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Emily LakdawallaDecember 28, 2007

Kaguya has begun science operations

EDIT: I've been contacted by Shin-Ichi Sobue of JAXA, who told me that they plan to post some stills from the recently released videos early in the new year. He also identified the crater I pointed to in the last video linked below. Keep your eyes on the Kaguya Image Gallery website for more still images, and the JAXA Video Archives for more movies.

This press release came out before Christmas, in Japanese, and I didn't have time to work through the translation to English; for once, my procrastination has paid off, and JAXA has now posted their own translation of the news that their lunar orbiter Kaguya has completed its shakedown and entered the science operational phase of the mission. It's now returning regular data from eleven science instruments, two mini-satellites, and its high-definition camera. There were a couple of problems reported with two instruments, the X-ray spectrometer and the charged-particle spectrometer, but both instruments are being operated at least part of the time with part of their capability as the Kaguya mission team attempts to work through the problems.

They've posted a bunch more videos from the high-definition camera, too, which I am unfortunately unable to repost here because they are posted in such a way that you can only access them from the JAXA website. This is more than a little frustrating. Across the world, space missions are publicly funded, so their data products are usually public, and can be redistributed freely across the Internet for everyone to share; such open policies feed public enthusiasm for space missions, encouraging public support for their tax dollars going to future missions. But while Kaguya is publicly funded, the HD camera is not -- it was provided in part by the Japan Broadcasting Corporation (NHK), and they appear to be keeping tight hold of the data products, releasing the videos only in this streamed format and also considerably reduced from their original resolution. I inquired about the copyright policy through Tasuku Iyori, Director of The Planetary Society of Japan; and he forwarded me this reply from JAXA's public relations department:

The copyright of the HDTV movies are shared by JAXA and NHK under the JAXA-NHK agreement. Under that agreement, JAXA has a right to provide full high vision movies by HDTV to educational purpose in schools without any charge. JAXA can also use full HD movies in science museums and at the other JAXA's events to promote KAGUYA and JAXA activity as well as educational purpose in cooperation with NHK.

To promote full high vision movies by HDTV onboard KAGUYA in USA, JAXA already started the dialogue with NASA LRO [Lunar Reconnaissance Orbiter] project since NASA has an agreement with the American science museum society. So, we believe you can see full HD movies of the Moon captured by HDTV onboard KAGUYA at science museums and schools in USA when JAXA has an agreement with NASA about this topic.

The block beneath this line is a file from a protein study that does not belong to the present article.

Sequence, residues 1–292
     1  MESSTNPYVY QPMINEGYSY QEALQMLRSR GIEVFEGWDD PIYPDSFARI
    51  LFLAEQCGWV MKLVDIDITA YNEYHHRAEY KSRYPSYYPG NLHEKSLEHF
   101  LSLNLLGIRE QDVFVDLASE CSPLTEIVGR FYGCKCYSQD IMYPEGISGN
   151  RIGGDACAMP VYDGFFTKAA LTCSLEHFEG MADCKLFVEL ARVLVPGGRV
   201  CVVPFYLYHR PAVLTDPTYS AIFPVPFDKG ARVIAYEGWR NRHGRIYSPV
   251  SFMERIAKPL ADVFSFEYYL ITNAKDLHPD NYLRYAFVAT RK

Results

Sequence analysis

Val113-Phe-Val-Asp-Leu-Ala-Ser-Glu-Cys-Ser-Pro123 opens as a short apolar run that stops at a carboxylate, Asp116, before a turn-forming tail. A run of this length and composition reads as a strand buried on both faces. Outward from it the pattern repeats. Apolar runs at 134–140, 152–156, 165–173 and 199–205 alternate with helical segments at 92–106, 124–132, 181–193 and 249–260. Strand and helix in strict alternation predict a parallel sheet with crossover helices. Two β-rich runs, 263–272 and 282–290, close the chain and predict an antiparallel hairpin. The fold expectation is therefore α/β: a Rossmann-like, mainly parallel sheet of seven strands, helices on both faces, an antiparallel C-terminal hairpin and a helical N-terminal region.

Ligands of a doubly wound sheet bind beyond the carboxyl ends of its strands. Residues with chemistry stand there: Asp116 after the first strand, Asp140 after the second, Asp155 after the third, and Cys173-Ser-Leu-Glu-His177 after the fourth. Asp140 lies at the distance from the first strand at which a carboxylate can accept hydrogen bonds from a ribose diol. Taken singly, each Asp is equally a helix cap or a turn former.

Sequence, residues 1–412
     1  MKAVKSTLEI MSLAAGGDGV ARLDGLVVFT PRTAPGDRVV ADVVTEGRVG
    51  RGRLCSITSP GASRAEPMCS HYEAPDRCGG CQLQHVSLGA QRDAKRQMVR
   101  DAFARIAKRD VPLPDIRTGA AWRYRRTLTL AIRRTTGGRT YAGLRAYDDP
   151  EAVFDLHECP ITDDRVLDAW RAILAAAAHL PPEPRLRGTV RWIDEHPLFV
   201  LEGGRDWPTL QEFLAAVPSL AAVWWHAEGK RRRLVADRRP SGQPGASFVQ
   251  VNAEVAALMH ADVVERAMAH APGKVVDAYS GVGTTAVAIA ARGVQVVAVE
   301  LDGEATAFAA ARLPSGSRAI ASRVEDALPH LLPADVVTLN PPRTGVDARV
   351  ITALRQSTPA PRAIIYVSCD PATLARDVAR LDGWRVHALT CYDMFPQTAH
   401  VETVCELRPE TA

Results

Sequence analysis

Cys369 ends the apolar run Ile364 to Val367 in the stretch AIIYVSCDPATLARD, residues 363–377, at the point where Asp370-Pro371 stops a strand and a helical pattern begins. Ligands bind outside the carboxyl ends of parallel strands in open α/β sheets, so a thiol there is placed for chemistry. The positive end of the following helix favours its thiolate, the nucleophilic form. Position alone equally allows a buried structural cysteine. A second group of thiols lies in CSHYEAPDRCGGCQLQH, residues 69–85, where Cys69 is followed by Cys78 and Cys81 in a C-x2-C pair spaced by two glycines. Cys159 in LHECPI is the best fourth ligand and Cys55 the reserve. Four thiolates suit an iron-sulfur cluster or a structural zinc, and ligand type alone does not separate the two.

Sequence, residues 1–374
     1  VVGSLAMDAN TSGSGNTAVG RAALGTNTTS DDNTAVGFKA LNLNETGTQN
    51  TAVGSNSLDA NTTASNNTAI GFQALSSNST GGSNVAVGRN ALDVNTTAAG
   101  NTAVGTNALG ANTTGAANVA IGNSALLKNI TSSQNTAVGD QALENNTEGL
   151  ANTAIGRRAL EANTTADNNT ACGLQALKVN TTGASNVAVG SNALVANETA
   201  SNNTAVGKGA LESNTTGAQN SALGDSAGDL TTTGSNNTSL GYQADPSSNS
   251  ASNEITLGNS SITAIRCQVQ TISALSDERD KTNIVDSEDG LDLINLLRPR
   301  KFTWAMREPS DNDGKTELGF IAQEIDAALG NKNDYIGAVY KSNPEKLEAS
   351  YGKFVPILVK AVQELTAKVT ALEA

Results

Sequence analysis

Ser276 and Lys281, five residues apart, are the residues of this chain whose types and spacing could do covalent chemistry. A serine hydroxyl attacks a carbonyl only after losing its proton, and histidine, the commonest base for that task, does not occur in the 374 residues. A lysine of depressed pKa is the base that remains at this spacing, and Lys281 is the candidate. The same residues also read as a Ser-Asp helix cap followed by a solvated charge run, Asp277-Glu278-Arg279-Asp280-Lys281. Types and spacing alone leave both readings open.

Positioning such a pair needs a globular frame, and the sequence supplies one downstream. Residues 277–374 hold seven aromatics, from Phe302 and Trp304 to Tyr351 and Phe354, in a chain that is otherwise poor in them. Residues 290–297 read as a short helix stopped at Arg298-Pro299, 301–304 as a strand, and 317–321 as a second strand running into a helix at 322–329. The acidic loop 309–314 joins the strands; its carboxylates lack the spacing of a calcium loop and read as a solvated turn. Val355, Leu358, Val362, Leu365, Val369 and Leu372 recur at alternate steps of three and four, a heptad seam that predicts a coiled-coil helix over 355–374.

...which seems to indicate that the full-resolution high-definition video is only going to be made available free of charge to schools and museums. (I assume that part of their agreement with schools and museums is that the data cannot then be placed on the Internet.) That's too bad, because it seriously limits the reach and impact of the data.

Anyway, enough complaining; here's some links to the reduced-resolution videos now available from the Kaguya website. They've been adding quite a lot of them in recent weeks. If anyone reading this knows where I can find higher-resolution videos or stills, or if you could possibly get me a couple of screen caps from each of these videos, I would greatly appreciate an email!

There are two new videos featuring Earth; this very dramatic one from November 21 starts in darkness, with the Sun off (but forward of) the camera making all kinds of colorful spots in the frame, then a crescent Earth rises as the spacecraft passes over the pole into the sunlit part of the Moon. (Allegedly, Venus is in the picture somewhere too, but I think the resolution is too low for it to be visible.) This one taken on December 4 shows a gibbous Earthset taken by the telephoto camera, which faces out the rear; it's the only telephoto camera one of all the dozens of recent releases, as far as I can tell. All the rest are wide-angle. Here's a neat one showing how black the crater-filling mare basalts are in comparison to highlands rock in the crater Tsiolkovskiy on the far side. And one more showing rumpled highlands topography with a nice, sharp, relatively fresh central peak crater near the end. I didn't have time to look up the crater before posting. Thanks to Sobue-san I now know that this crater is Jackson, 128 kilometers in diameter, at 18.1 N / 133.4 W, on the farside.

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Emily Lakdawalla

Solar System Specialist for The Planetary Society
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